People in virtual communities use words on screens to exchange pleasantries and argue, engage in intellectual discourse, conduct commerce, exchange knowledge, share emotional support, make plans, brainstorm, gossip, feud, fall in love, find friends and lose them, play games, flirt, create a little high art and a lot of idle talk. People in virtual communities do just about everything people do in real life, but we leave our bodies behind. You can't kiss anybody and nobody can punch you in the nose, but a lot can happen within those boundaries.
The Social Layer consists of the new behaviours and interactions between people that are enabled as a result of the underlying technologies. This layer could be considered to happen 'offline' as well as 'online'.
In 1998, venture capitalist John Doerr described what he considered to be 'the single greatest creation of wealth in the history of the planet' (Ryan, 2010, p. 123) as he looked at the then ever-expanding financial peaks of the 'dot com bubble' in the first wave of commercialisation of the Internet. In 2006, Time magazine famously put an image of a computer with a reflective screen on their front cover and declared 'You' as 'Person Of The Year', due to what they described as 'community and collaboration on a scale never seen before resulting from the rise of 'Web 2.0' and 'social media'. In 2010, the organisation Wikileaks published video footage and tens of thousands of documents from the wars in Iraq and Afghanistan, claiming to operate under the slogan 'We open governments'. The role of social media platforms such as Twitter, Facebook and YouTube were widely cited and analysed in the unrest and revolutions that characterised what came to become known as 'the Arab Spring'.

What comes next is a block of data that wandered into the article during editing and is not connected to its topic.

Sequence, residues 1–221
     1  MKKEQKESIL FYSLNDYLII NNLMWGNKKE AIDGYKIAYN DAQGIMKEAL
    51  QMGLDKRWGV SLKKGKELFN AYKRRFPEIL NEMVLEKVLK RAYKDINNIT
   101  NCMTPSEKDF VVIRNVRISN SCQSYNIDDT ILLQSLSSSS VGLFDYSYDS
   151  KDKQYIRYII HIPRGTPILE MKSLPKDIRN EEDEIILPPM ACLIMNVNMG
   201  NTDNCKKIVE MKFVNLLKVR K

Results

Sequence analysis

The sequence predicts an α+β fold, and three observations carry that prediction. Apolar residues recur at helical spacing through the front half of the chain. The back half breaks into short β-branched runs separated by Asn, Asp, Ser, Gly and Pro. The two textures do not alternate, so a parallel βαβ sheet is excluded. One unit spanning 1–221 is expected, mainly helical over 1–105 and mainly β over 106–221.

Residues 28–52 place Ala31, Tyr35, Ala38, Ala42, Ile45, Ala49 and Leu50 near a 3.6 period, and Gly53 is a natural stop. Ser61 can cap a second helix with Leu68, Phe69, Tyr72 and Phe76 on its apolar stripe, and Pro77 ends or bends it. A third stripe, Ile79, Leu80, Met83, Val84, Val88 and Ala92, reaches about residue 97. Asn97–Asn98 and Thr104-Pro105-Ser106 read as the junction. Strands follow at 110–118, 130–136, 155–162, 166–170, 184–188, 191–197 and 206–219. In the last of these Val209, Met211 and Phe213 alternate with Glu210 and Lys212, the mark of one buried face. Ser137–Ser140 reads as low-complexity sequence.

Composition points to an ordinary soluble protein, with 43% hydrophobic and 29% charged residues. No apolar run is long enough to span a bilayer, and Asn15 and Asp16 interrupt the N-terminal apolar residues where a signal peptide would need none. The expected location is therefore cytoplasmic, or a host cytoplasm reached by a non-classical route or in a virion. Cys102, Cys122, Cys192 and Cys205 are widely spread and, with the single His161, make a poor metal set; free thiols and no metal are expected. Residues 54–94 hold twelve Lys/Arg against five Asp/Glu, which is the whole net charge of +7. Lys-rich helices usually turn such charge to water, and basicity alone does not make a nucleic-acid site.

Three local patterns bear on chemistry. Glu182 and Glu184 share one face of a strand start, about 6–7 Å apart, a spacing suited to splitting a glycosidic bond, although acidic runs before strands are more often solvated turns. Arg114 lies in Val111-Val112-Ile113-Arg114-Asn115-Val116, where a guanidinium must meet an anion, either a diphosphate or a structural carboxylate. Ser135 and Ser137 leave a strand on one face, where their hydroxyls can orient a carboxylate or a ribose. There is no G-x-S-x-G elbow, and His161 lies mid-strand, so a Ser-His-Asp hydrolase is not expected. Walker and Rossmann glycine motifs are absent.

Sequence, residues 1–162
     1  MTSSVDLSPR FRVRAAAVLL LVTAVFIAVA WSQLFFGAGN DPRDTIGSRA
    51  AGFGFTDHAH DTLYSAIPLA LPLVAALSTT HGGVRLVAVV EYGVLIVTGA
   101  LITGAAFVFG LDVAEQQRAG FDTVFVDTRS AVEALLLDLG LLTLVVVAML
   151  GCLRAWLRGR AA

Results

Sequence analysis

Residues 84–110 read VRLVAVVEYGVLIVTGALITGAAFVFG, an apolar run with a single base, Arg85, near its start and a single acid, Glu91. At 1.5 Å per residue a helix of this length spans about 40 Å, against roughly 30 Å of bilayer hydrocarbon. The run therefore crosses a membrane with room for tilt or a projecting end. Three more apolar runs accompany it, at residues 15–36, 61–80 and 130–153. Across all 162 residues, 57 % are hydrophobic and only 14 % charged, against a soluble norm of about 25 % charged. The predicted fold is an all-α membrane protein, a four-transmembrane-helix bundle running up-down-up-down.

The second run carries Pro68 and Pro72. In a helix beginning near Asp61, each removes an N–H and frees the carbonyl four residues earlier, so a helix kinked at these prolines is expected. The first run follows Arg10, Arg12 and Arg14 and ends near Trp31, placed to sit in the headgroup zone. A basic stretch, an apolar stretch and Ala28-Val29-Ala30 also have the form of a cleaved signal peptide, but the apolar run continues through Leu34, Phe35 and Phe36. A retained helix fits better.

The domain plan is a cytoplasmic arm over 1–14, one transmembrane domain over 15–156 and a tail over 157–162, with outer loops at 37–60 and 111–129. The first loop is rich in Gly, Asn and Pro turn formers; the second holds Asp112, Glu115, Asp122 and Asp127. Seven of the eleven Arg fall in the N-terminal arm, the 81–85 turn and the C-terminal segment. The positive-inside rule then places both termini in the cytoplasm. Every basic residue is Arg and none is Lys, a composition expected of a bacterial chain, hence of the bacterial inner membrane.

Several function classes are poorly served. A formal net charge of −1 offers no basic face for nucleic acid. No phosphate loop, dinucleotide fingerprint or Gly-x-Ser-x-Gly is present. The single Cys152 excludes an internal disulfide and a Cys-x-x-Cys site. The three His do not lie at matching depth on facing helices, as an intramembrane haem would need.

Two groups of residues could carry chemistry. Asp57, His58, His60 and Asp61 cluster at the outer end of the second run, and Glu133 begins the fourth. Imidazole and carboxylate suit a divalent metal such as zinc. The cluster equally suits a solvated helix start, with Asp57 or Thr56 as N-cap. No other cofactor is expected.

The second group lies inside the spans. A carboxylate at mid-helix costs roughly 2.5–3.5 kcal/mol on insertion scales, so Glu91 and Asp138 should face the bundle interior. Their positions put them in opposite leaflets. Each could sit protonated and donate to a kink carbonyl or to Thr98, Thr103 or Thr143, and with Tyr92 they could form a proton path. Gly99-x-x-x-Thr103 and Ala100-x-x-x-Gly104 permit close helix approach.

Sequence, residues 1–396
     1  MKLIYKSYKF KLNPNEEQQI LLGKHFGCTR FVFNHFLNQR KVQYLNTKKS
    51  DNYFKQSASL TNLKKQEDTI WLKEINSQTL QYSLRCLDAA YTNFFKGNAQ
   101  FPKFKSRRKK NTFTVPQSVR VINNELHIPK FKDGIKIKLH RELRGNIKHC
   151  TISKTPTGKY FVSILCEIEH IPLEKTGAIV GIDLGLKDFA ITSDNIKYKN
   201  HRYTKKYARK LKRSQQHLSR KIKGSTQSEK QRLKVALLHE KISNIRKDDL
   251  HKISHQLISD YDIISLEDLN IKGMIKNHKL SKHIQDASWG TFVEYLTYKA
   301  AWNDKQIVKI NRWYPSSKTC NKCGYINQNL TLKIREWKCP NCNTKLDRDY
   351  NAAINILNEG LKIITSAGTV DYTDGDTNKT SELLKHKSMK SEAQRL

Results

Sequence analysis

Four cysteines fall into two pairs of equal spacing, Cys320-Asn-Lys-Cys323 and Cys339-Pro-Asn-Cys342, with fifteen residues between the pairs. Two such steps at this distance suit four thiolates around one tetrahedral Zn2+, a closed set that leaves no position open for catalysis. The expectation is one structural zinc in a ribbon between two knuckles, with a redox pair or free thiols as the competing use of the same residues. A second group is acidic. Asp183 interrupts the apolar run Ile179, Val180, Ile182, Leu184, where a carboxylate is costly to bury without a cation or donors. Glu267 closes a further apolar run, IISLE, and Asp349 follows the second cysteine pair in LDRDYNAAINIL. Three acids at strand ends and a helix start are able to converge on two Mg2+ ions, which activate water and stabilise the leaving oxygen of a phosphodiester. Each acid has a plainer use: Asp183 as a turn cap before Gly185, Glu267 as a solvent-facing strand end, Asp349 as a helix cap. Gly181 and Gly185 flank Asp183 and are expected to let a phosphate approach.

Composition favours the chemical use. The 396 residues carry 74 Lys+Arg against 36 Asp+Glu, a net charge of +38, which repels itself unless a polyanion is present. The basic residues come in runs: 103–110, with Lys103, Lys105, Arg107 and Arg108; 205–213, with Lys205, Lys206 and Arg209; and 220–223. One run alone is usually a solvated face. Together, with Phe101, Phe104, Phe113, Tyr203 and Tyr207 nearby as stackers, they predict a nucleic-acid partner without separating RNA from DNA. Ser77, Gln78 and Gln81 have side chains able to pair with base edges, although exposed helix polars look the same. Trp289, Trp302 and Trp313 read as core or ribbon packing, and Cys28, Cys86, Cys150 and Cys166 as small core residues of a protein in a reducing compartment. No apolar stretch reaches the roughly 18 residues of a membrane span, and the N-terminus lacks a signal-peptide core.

The subject of how people are enabled to act with the addition of certain technologies cannot be covered in a single paragraph. What these four examples illustrate however, are some of the actions, behaviours and social changes enabled as a result of the openness of the Internet. The openness to build a business, even in the absence of a business model. The openness to build mediated connections on areas of common interest with strangers all over the world. The openness to expose or uncover corruption or violence before a global audience. The openness to organise in the face of oppression. It is this openness that also requires new forms of literacy or even virtual citizenship, as well as erosions in the notion of privacy.
Following are ten recommendations for maintaining openness at the Social Layer, including for individuals, educationalists, governments and international bodies, and digital rights groups operating at a social level:
What else could be done to keep the Social Layer open?
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